Which type of chicken is superior?
Nuggets are the way to go
Opinion by Amanda Blackman
When it comes to crispy chicken cravings, nothing hits the spot quite like the delicious, perfectly balanced chicken nugget. Who rolls through the McDonald’s drive-thru with a late-night craving for chicken tenders? Nobody! Chicken nuggets are the perfect go-to, not to mention exponentially superior to the chicken tender.
What brings the chicken nugget above and beyond the chicken tender is the ratio of breading to chicken. A good fried chicken snack needs to have a crispy exterior with a juicy chicken interior. Chicken nuggets are bite-sized masterpieces. When an entire nugget can be eaten in a single bite, angels from the heavens above can be heard serenading the moment. Chicken tenders blaspheme the ratio. They’re either too fried and battered, overwhelming the chicken flavor, or only lightly dusted with breading, ruining the entire experience and making angels cry.
It’s the enjoyment factor that leads people to ordering chicken nuggets. Going through that drive-thru to get the processed fried chicken from heaven brings people back. Remember begging mom to pull through the drive-thru, pleading for chicken nuggets, and she would only sometimes say yes? Remember how delicious those nuggets tasted, acting as a physical embodiment of your success? Or the majority of the time when she would say no? Be the kind of adult that children would be proud of. Pull through the drive through without mom’s approval and enjoy the memories and flavor of the nuggets. Besides, what kind of child would beg mom for chicken tenders over nuggets?
The overly processed chicken may lead mom to say no, but there’s one major benefit of the processing: chicken nuggets are less expensive than chicken tenders. At McDonald’s, a 10 piece tender is $9.49. A 10 piece nugget? $4.49 for the hallowed experience.
Chicken nuggets are what the Lord intended chicken to be. They’re divinely crispy and juicy, they bring on the nostalgia, and not to mention cheaper than the criminal of chicken, a.k.a. the tender. Chicken tenders can just sit down because chicken nuggets will always be the holiest form of chicken consumption.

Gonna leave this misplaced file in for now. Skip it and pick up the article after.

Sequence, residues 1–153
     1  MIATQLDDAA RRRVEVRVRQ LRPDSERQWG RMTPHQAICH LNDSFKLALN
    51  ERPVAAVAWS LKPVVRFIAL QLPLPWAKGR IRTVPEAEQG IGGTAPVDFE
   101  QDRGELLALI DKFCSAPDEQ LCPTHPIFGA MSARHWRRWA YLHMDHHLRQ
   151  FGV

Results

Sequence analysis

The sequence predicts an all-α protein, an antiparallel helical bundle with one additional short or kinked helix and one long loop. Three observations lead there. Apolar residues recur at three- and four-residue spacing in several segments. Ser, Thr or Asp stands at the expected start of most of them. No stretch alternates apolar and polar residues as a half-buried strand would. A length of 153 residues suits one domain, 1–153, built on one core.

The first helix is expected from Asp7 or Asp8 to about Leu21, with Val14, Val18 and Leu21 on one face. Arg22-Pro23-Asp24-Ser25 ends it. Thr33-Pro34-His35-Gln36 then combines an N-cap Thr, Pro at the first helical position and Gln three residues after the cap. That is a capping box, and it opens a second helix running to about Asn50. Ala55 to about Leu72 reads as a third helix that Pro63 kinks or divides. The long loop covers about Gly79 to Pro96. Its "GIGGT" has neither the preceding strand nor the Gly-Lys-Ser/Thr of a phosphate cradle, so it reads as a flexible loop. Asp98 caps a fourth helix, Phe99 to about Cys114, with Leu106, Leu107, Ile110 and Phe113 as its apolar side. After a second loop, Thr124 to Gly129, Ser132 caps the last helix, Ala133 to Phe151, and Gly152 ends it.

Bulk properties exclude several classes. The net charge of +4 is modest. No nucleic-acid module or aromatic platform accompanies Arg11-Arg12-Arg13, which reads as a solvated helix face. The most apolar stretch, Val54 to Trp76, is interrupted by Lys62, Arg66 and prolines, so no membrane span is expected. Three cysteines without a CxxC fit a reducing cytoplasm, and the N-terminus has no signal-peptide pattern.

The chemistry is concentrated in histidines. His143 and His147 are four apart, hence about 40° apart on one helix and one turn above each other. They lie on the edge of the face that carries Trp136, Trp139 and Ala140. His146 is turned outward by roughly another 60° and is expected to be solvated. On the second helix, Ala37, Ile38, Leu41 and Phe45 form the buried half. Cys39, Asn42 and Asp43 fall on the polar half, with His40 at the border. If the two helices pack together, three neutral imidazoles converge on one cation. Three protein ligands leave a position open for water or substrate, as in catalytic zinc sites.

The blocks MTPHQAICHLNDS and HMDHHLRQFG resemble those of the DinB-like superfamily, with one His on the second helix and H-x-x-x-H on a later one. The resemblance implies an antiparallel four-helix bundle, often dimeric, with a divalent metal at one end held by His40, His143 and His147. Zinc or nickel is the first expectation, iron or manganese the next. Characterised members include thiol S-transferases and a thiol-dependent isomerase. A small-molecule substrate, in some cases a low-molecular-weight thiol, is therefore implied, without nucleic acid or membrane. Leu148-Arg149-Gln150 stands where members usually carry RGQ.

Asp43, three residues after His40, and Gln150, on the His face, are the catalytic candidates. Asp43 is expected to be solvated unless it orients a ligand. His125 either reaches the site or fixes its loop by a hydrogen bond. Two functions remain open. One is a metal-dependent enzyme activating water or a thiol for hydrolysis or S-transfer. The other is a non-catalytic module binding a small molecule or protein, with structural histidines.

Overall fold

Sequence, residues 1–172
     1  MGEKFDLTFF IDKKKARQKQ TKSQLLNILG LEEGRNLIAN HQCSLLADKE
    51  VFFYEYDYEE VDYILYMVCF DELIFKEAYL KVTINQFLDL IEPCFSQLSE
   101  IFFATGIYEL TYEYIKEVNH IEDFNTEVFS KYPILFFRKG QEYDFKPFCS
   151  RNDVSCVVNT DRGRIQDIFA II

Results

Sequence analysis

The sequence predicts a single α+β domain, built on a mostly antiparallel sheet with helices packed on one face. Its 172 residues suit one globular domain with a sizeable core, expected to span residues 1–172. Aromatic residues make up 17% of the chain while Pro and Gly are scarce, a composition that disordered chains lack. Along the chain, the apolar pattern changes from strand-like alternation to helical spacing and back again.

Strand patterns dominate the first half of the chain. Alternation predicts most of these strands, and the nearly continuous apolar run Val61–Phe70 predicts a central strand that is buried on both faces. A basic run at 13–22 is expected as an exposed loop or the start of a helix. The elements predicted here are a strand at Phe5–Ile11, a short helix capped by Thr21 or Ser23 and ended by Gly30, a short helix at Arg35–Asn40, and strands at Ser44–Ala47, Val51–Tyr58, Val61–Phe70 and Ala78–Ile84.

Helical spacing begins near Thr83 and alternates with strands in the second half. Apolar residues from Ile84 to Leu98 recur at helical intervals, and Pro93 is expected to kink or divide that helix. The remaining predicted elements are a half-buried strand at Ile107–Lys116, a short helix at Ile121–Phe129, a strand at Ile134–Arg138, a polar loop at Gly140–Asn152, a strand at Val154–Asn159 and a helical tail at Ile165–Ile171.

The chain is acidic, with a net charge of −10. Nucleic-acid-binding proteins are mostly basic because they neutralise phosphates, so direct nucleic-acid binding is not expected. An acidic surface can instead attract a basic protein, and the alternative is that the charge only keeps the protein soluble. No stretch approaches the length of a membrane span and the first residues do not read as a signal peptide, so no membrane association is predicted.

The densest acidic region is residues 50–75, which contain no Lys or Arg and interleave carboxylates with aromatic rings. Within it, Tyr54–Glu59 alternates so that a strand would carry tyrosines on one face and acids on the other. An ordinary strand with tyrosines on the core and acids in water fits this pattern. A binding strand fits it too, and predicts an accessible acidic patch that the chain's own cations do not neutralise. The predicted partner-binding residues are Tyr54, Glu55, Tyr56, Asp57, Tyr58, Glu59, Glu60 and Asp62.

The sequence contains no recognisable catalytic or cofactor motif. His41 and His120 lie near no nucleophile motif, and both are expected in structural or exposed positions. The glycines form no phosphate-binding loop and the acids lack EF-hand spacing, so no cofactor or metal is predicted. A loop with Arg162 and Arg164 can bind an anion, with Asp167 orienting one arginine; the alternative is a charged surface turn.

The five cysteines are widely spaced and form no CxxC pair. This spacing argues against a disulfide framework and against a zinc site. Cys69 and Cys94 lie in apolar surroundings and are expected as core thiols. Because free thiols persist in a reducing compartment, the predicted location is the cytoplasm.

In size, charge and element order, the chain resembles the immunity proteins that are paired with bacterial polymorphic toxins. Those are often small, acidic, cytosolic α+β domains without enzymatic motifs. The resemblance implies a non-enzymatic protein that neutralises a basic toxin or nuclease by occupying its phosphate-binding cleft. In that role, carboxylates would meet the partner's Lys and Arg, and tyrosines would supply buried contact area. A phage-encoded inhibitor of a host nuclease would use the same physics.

Grow up, eat tenders
Opinion by Benjamin Neufeld
“I love chicken nuggets,” says Jason, nine years old. “Ooh, I love nuggets too!” says Kate, seven years old. “Mom, can we have chicken nuggets for dinner?” That was the six year old Howard. The CU Denver Sentry is a respectable, student-run college newspaper. The writers and readers of this paper are grown-ups now. Grown-ups are not children anymore. Grown-ups don’t eat nuggets. Grown-ups do better for themselves. Grown-ups eat tendies.
Wikipedia describes chicken tenders as “chicken meat prepared from the pectoralis minor muscles of the animal.” That is a tender strip of meat located under the chicken breast. Objectively, the best cut of meat. Wikipedia describes chicken nuggets as “a chicken product made from chicken meat.”
Okay, well, at least nuggets are cheap, right? The price of nuggets is determined by the fact that no sane person would spend more than $5 on any amount of nugget.
High blood pressure practitioners of the nugget propaganda machine might traduce the truth telling, tireless, chicken tender lover with deceitful tales that their snack preference is classist: not everyone can afford luxury cuts of chicken meat. A Lamborghini is a nicer car than a 1998 Mazda Protege. It is not classist to say so. A lambo costs as much as an out of state college education. A stolen Mazda probably won’t even be reported as stolen, not worth the hassle. Nicer things cost more than less nice things. In this case, tendies cost a few dollars more.
A staple of their menu, McDonald’s manufactured the popularity of the chicken nugget by making the item the entrée of their children’s Happy Meal. According to a Wall Street Journal article from 2017, McDonald’s spends about $2 billion on worldwide marketing. Can the rich buy love? Yes, obviously. The nugget craze is a false admiration mass produced by bloodless marketing campaigns, and not with the gracious intent of sharing a high-quality product with the world (ask the victims of the childhood obesity epidemic how happy “Happy Meals” really are).
Nugget lovers don’t love nuggets, nugget lovers are consumers obeying their corporate overlords. Grow up. Eat tendies.